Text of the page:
Official determination expected in 2009
The Gunnison’s prairie dog may appear to be headed for an endangered or threatened listing under the Endangered Species Act, but local wildlife officials are doing what they can to bolster the population before such designation is official.
On February 25, U.S. Fish and Wildlife Service biologists gave a presentation to local citizens on the decision by the federal government to designate the Gunnison’s prairie dog as a species warranting threatened or endangered status under the Endangered Species Act.
The biologists said the species, which is native to high-altitude areas of Colorado, New Mexico, Arizona and Utah, is in imminent danger of extinction due primarily to plague. Habitat loss, poisoning and shooting have also dented the animal’s population.
However, because there is a backlog of species warranting such listings, the Gunnison’s prairie dog has not yet received the formal designation, which mandates added protections.
"Right now we’re guestimating that a potential proposed ruling will come out in mid to late ‘09," said Fish and Wildlife Service Western Colorado supervisor Allen Pfister.
Until the final determination is made, according to Pfister, the Gunnison’s prairie dog’s status remains unchanged. "Until the species becomes listed, there is no additional legal protection," Pfister said.
Pfister said the Gunnison’s prairie dog has received a level two designation, which means the species is in imminent danger of extinction unless protection measures are implemented. The only higher ranking, level one, is reserved for emergency protection. Pfister said the ranking would be revisited based on additional collected data before the animal received its official listing.
When determining the status of the species, U.S. Fish and Wildlife biologists found that only the prairie dogs in the higher elevations of their range, or the "montane" population, warranted the listing. The montane population is found only in south-central Colorado and northern New Mexico. Pfister said Fish and Wildlife officials determined that the Gunnison’s prairie dogs, or "prairie" populations, found at lower elevations do not warrant listing at this time.
Whether or not the two populations actually represent two distinct species, or sub-species, is yet to be determined, Pfister said.
Fish and Wildlife biologist Amy Seglund, who is working to develop a conservation plan for several species of prairie dogs, said most of the at-risk population is within Colorado. "Forty percent of the candidate listing was for the montane Gunnison’s prairie dog, and most of that is within Colorado," she said.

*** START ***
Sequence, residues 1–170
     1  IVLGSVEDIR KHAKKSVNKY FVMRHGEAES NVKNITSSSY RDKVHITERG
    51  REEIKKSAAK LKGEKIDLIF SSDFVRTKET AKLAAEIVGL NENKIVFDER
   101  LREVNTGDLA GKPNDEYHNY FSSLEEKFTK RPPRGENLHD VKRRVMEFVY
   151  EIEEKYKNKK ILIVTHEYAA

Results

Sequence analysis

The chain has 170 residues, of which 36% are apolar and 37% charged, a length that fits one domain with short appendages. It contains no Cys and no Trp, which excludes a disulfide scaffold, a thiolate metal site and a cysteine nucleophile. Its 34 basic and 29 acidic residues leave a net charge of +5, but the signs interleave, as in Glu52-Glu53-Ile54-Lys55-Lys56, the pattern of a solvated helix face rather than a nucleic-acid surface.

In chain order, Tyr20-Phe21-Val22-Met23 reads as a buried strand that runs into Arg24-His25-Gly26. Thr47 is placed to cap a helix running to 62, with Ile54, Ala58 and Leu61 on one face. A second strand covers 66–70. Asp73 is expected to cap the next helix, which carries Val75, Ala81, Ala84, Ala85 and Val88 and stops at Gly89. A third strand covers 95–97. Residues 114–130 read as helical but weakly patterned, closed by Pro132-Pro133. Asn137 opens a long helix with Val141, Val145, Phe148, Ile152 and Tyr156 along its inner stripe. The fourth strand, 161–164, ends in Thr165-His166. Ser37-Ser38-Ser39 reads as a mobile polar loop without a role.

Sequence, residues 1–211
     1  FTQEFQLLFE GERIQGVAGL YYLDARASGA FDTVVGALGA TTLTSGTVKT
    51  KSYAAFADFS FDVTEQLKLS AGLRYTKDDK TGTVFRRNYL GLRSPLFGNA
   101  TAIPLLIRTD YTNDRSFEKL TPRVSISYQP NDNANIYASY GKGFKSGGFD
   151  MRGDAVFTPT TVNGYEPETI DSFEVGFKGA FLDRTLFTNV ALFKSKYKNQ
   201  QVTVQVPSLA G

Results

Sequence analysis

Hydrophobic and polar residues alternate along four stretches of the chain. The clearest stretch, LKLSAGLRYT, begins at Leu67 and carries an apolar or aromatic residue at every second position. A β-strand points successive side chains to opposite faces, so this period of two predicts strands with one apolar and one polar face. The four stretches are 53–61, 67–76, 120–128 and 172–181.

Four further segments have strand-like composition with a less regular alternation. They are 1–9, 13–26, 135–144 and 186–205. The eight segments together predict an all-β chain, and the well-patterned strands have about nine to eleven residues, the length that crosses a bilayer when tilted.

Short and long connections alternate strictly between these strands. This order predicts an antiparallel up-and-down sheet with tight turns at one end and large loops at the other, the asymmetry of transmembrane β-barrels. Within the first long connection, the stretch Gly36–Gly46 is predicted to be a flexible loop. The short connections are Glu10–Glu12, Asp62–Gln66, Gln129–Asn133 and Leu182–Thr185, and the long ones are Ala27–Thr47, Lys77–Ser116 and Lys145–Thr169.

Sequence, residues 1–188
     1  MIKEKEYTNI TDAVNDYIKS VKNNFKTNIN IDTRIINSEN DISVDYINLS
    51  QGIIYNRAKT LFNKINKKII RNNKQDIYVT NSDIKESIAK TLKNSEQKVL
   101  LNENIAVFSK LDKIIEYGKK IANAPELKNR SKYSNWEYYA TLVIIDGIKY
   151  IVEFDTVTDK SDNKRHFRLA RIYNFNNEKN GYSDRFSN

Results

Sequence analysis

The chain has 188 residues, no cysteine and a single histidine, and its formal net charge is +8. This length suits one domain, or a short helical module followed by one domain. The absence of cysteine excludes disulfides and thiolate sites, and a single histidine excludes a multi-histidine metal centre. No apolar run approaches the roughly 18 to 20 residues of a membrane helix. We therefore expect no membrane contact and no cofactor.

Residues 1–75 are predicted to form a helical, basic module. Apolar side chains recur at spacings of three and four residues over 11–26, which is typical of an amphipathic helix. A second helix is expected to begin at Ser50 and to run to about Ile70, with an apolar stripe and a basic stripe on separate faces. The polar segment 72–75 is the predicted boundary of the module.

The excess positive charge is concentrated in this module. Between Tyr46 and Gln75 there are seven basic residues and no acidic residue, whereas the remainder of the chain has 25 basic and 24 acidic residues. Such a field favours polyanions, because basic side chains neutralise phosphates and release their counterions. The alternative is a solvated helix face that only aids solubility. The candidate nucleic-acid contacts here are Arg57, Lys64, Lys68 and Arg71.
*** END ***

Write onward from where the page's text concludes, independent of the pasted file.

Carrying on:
Seglund said the status of white-tail prairie dog—also native to Colorado—was being litigated, and depending on the outcome of the case, that species may also warrant a threatened or endangered listing. The species is not found in Gunnison County, however.
The Gunnison’s prairie dog was listed as candidate species after conservation groups sued the Fish and Wildlife Service to force the agency to reconsider the non-listing of the species. Environmentalists accused Deputy Assistant Secretary of Interior Julie MacDonald of manipulating scientific evidence to deny the prairie dog the added protection. The federal government settled the lawsuit last year.
The February meeting at the Fred Field Western Heritage Center attracted some area property owners and stockgrowers, but for the most part they just listened to the presentation.
Sandy Guerrieri, vice president of the Gunnison County Stockgrowers Association, asked if anecdotal evidence of growth in prairie dogs was taken into account. "Is Gunnison really losing prairie dogs?" she asked. Many local stockgrowers believe the local prairie dog population is growing rather than declining.
Seglund said it was impossible to do an actual numbers count of the species, so her agency depended on an inventory of burrow sites instead. And she said it was the marked decline of burrow sites that led biologists to determine that the species was in trouble.
According to Seglund, her agency will work to keep the populations of the Gunnison’s prairie dog robust so it won’t have to be officially listed. "We want to help keep it from being listed because that way we have more control of the management of the species," she said.
Seglund said the management plan the agency was perfecting would also account for species associated with the prairie dog. The animal is an important part of a broader ecosystem because it provides food for predators and its burrows provide habitat for a number of other plant and animal species.
Jim Cochran, local rancher and Gunnison County’s sage grouse conservation coordinator, said he seconded Seglund’s effort to keep the animal from being officially listed. "The state and community’s position is to take local action to preclude the listing," he said.
Cochran said it would behoove the community to treat the Gunnison’s prairie dog the same way the community has treated another rare Gunnison native—the Gunnison sage grouse. In that instance, a large group of interested stakeholders from diverse backgrounds have converged to help maintain and augment species populations in order to keep the bird from being federally listed as threatened or endangered.
According to Cochran in an interview after the meeting, an official listing for the prairie dog would have far-reaching implications. "If you take a look at (the proposed development) Gunnison Rising, there’s prairie dogs all over that land," he said. "The city can’t ignore it.